Valerie Yule is right that the cause of reading difficulty is confusion (‘Can literacy be made easier?’, April 2007). But the confusion is largely caused by the way that children are first taught about the 44 sounds (phonemes) of spoken English and the 120 main spelling choices (key graphemes) of written English – by well-intentioned hard-working teachers who should know better.For the last 20 years, I have pioneered the English phonics programme THRASS (Teaching Handwriting Reading And Spelling Skills), which is now used widely in schools in the UK, Europe, Africa and Australia. For the last two years, Foundation Phase student-teachers at the University of the Witwatersrand and the University of Pretoria, in South Africa, have attended a compulsory two-day course on THRASS, based around the Phoneme Machine software programme (free and downloadable from www.phonememachine.com). At the time of writing, a large corporate sponsor is set to help finance the implementation of THRASS in South African government and independent schools, with the main focus being on high quality phonics training for student-teachers and teachers. It is my view that, in years to come, the world will visit the universities and teaching colleges of South Africa to see how they managed to remove the main cause of reading difficulties – teachers with poor subject knowledge for the graphs, digraphs, trigraphs and quadgraphs (the one-, two-, three- and four-letter spelling choices) in the English written system.Valerie is right that there should be international research by psychologists, to ‘reduce this serious problem’. But I believe the focus should be the relative effectiveness of English phonics programmes that do not depend on learners having to ignore the misleading advice that, when reading, each lower-case letter has a specific sound and, when spelling, each sound has a specific letter – along with having to ignore any associated physical actions, alliterative characters (such as ‘Alan Ant’) and/or explanations relating to letters being ‘silent’, ‘magic’, ‘soft’, ‘tricky’ or ‘irregular’. It is all-the-more important that in countries like South Africa, with 11 national languages, widespread poverty and a relatively poor state education system, that the children should not be misled when it comes to learning the building blocks of the lingua franca.Alan DaviesTHRASS UKChester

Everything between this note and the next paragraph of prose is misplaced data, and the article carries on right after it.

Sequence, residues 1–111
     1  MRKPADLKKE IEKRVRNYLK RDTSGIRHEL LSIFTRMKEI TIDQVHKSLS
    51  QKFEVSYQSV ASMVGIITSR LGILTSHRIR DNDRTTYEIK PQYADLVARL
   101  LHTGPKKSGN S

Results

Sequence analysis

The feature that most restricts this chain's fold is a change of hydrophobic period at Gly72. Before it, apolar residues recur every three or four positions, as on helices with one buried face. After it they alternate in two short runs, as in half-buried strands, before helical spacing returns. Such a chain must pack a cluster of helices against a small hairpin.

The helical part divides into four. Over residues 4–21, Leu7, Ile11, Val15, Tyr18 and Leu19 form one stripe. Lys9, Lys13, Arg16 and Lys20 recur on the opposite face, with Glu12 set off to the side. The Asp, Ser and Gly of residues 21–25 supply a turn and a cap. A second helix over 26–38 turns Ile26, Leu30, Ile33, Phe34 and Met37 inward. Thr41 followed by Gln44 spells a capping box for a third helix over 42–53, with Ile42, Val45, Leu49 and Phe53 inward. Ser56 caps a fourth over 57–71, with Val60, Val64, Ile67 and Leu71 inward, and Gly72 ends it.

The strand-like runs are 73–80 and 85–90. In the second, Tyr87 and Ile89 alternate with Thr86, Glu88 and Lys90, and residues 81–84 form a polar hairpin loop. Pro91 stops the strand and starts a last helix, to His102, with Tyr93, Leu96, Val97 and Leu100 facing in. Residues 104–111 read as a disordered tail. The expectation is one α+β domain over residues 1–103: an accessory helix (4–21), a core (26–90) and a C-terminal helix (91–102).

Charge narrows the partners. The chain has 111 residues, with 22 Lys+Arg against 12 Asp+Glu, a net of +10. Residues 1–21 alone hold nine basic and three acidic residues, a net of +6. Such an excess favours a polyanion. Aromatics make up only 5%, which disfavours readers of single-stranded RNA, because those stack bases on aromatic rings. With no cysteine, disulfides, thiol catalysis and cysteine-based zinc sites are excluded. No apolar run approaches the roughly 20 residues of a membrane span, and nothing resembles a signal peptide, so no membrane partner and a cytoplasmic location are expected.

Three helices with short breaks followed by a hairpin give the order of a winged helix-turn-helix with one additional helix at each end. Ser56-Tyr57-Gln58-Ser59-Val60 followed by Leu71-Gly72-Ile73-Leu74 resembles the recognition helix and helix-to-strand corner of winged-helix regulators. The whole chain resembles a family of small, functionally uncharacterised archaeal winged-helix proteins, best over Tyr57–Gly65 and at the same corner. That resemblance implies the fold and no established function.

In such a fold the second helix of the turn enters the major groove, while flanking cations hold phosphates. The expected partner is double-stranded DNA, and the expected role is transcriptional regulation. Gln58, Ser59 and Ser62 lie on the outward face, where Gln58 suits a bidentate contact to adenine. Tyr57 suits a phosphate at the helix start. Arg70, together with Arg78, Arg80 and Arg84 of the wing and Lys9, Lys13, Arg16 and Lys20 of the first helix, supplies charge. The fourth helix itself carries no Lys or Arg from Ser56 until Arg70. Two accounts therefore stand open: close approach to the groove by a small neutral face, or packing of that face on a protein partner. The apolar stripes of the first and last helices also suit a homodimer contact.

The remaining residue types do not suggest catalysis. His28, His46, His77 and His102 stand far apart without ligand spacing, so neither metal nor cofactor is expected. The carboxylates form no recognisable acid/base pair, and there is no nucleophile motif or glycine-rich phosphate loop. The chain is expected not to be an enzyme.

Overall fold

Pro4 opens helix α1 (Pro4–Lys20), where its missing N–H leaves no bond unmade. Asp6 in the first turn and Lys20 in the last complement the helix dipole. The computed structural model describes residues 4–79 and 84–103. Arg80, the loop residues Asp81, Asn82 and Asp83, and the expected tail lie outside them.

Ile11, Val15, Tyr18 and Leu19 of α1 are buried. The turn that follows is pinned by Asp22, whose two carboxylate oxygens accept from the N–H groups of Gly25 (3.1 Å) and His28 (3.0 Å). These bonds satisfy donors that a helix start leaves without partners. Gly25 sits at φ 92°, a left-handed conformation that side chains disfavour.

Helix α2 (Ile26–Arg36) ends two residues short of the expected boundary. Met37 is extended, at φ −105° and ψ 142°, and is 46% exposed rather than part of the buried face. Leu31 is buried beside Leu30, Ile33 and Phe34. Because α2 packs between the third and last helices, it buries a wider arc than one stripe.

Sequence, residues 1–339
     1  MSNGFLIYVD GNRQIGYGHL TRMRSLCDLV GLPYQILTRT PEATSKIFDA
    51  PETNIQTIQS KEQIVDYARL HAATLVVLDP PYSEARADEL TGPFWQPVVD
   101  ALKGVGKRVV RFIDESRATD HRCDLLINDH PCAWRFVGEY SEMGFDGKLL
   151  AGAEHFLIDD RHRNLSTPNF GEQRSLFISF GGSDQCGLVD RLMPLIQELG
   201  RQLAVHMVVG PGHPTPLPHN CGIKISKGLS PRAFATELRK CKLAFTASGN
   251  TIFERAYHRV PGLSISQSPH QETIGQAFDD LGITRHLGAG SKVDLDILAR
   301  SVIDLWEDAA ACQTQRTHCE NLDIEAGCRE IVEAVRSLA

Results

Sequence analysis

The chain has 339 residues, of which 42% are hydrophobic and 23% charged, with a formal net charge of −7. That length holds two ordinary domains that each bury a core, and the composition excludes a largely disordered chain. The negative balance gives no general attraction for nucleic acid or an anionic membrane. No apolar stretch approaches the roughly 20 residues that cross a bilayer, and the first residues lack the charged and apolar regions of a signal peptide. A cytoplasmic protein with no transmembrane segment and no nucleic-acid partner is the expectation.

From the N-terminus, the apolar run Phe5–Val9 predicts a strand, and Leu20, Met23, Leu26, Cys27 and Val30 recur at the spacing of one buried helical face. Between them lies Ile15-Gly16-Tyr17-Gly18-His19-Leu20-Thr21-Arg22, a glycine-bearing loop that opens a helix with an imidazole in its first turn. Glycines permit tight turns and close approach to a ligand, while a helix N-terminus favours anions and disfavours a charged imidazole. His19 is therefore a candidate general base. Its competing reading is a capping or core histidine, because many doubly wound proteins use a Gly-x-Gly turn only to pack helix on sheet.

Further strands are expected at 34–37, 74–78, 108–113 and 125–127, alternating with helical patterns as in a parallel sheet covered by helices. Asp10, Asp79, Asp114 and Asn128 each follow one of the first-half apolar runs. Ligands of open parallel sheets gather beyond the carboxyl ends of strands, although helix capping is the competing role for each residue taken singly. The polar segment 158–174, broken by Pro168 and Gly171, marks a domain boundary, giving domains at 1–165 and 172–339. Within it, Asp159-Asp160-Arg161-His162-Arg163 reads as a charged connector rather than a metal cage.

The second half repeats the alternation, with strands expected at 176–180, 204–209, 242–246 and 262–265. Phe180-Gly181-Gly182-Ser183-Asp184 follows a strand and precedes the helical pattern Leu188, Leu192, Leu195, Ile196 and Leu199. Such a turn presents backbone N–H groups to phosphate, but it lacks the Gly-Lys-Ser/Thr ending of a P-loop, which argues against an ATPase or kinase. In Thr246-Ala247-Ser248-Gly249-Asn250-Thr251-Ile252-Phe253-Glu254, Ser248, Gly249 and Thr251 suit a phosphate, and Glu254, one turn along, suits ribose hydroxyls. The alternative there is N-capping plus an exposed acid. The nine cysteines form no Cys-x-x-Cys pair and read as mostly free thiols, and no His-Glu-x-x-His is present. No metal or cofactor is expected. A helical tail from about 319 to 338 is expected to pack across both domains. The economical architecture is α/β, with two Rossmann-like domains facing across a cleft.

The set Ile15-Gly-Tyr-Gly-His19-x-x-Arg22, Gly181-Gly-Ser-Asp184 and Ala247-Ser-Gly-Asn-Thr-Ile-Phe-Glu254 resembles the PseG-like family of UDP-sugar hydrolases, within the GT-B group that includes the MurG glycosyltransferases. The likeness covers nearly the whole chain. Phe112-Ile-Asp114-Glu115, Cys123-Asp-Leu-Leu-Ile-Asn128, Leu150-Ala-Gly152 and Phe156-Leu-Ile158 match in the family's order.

Overseas or overseen?